And Grigsby says that late Thursday night and continuing through Saturday, another system of heavy rain could bring rain totals of 7 to 11 inches, with some areas getting up to 14 inches.
The area is under a flash flood watch through Saturday.
Grigsby says forecaster will have better idea later Thursday on what areas will see the most rain and possible flooding.
The heavy rain continues move across northern Louisiana into the Monroe area.
Louisiana State Police Lt. Bobby Brinkerhoff says troopers and sheriff’s deputies have made multiple recuses from cars swept off the roads by fast moving water.
Brinkerhoff says roads closed by water Thursday morning would re-open once the water was gone.
South of the Shreveport-Bossier City area the heavy rains are also causing road closure in the Natchitoches area.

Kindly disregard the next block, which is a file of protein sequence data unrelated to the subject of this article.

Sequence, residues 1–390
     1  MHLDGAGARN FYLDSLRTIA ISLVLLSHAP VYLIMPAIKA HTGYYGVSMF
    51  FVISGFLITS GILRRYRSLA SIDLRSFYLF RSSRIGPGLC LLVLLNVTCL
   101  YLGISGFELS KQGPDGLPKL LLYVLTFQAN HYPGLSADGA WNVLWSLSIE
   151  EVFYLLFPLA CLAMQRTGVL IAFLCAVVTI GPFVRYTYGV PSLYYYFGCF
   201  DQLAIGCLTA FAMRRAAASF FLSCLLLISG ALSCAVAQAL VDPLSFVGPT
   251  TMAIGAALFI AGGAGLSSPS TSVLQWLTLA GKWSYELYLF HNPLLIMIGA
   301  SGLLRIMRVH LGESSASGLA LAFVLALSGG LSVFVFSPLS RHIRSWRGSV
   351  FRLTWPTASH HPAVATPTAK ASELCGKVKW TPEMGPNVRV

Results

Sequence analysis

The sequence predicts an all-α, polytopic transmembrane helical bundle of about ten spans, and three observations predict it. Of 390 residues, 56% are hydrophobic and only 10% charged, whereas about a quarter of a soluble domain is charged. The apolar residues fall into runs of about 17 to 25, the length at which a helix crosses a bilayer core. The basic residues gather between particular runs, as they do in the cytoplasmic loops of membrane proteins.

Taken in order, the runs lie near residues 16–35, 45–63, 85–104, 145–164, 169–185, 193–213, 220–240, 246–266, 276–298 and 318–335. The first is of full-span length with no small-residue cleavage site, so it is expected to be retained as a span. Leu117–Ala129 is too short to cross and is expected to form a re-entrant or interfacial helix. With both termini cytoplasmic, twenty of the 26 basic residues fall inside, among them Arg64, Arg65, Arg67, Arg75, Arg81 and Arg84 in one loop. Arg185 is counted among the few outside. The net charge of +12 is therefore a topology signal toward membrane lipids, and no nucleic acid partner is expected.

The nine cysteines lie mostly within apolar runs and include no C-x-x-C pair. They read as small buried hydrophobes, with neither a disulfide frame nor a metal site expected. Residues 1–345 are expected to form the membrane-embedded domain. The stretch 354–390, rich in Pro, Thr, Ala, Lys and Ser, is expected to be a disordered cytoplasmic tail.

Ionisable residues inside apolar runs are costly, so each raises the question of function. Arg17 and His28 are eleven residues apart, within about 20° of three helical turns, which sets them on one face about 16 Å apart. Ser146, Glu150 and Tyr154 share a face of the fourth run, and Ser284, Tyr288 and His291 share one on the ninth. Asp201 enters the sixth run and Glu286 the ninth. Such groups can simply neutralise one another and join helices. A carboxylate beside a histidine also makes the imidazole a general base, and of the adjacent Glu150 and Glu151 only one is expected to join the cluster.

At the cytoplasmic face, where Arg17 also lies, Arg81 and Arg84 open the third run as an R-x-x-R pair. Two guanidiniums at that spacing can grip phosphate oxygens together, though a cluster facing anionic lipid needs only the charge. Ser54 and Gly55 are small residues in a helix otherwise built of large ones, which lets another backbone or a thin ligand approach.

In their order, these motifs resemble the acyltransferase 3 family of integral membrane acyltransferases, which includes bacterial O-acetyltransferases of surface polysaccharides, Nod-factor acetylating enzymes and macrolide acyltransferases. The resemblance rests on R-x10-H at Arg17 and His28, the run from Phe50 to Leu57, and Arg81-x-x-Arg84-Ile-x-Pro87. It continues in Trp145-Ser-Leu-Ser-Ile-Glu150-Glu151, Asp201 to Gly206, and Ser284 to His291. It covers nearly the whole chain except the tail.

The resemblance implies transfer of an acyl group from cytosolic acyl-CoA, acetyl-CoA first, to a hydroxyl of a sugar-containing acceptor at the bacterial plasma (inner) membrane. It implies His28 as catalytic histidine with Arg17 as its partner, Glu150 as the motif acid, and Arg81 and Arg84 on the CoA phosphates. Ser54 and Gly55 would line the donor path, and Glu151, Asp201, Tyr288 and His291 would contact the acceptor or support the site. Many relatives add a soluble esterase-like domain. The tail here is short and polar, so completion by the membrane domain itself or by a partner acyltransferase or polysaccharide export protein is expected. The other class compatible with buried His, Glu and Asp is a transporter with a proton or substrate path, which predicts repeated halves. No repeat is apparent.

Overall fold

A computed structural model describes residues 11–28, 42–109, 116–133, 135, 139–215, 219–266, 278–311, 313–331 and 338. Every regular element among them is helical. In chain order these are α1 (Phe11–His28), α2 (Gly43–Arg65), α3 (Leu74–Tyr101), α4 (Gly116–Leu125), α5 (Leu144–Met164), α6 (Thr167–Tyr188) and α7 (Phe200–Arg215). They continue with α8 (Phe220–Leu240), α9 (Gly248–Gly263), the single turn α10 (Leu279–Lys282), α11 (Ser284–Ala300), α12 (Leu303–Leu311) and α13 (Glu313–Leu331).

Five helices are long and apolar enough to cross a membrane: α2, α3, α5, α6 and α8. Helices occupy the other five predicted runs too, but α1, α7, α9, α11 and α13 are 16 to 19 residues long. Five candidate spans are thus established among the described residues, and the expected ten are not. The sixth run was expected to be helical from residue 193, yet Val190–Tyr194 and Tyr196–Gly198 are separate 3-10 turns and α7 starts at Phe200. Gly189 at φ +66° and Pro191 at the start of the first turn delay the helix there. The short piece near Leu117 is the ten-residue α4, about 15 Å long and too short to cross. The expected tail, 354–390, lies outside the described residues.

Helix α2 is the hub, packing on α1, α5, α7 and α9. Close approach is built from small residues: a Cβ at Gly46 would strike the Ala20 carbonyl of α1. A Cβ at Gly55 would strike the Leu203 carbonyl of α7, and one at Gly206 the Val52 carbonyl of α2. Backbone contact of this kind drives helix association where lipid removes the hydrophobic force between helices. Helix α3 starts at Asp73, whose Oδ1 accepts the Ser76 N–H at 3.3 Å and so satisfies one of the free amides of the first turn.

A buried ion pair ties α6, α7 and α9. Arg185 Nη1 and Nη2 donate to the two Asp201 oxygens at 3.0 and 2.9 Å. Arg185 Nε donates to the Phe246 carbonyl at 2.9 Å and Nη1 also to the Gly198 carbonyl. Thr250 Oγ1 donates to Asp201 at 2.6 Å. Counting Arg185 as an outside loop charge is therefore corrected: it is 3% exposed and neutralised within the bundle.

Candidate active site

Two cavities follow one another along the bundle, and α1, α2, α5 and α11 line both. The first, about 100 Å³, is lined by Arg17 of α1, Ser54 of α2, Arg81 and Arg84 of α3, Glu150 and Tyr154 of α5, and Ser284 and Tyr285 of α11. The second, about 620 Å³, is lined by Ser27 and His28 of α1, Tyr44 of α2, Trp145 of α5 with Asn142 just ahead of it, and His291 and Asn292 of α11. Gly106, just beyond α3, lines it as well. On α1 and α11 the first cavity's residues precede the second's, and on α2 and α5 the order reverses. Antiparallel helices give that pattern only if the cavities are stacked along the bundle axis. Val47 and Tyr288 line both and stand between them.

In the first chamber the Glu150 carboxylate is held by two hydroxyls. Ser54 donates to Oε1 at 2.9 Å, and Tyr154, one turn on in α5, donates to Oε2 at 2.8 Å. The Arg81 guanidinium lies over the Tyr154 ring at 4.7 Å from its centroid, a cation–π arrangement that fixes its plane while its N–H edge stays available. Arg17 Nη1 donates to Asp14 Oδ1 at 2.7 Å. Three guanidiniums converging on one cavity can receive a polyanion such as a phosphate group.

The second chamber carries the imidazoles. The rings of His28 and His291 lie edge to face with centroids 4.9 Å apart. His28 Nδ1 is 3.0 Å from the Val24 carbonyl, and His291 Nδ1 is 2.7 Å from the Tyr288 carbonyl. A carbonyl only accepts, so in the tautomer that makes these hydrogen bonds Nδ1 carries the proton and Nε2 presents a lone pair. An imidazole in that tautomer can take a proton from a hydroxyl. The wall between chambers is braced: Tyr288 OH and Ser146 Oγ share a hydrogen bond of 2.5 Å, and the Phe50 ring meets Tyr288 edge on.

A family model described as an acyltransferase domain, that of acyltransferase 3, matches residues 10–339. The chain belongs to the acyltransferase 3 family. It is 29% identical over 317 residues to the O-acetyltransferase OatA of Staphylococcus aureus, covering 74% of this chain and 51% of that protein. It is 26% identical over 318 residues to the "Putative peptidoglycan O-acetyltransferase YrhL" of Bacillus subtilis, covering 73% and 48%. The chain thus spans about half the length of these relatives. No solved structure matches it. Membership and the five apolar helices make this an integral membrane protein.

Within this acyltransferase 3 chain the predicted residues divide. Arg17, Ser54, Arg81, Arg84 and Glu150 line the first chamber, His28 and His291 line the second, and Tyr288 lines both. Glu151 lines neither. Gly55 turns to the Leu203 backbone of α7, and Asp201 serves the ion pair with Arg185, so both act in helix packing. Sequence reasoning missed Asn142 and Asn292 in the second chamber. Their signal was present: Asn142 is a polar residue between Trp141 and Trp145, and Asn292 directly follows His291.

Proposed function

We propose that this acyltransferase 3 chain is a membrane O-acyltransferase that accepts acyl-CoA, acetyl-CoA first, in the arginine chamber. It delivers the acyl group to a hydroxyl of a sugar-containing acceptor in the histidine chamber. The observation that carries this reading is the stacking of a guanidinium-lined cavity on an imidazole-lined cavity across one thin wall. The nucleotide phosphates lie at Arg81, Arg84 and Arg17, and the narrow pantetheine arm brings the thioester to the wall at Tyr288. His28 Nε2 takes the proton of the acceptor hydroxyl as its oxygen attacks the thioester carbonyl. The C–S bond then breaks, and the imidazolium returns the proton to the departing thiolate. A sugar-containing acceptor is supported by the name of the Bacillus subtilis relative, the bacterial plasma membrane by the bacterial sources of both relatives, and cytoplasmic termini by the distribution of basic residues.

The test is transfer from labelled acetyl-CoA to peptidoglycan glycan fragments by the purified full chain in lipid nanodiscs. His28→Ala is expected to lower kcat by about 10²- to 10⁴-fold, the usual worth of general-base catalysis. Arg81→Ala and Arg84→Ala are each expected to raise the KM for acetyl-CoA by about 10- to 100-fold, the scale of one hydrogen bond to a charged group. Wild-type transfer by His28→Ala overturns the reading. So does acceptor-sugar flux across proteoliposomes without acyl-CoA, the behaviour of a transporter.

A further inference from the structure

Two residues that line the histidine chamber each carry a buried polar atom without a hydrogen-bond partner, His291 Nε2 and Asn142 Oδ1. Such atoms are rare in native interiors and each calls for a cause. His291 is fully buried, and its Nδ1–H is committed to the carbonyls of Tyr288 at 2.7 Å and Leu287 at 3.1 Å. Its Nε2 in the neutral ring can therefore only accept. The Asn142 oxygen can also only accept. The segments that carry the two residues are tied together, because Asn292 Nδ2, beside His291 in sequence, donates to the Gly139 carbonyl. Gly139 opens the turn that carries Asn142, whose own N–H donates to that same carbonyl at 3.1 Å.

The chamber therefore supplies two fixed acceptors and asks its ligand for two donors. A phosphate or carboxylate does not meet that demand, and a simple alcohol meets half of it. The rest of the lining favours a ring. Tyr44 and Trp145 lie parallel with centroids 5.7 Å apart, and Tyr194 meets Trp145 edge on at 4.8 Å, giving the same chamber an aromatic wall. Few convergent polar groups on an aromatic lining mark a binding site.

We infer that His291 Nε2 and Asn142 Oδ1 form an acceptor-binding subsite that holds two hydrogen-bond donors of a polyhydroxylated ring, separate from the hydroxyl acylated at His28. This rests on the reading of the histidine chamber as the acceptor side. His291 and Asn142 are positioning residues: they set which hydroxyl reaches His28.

Heavy rainfall has prompted the closure of some schools and roads in southern Arkansas, and forecasters say the deluge will continue for the rest of the week.
The National Weather Service has issued flood warnings and flash flood warnings for areas of the state that have been drenched by a stalled-out storm system. More than 6 inches of rain has already fallen in Monticello, Pine Bluff and Stuttgart this week, and the weather service says it will keep coming.
Forecasters say heavy rain is possible Thursday, especially in southeast Arkansas where widespread flash flooding has already occurred. Minor to moderate flooding is expected on some rivers as well.
Rain remains in the forecast until Saturday, and the weather service says severe storms are possible Sunday too.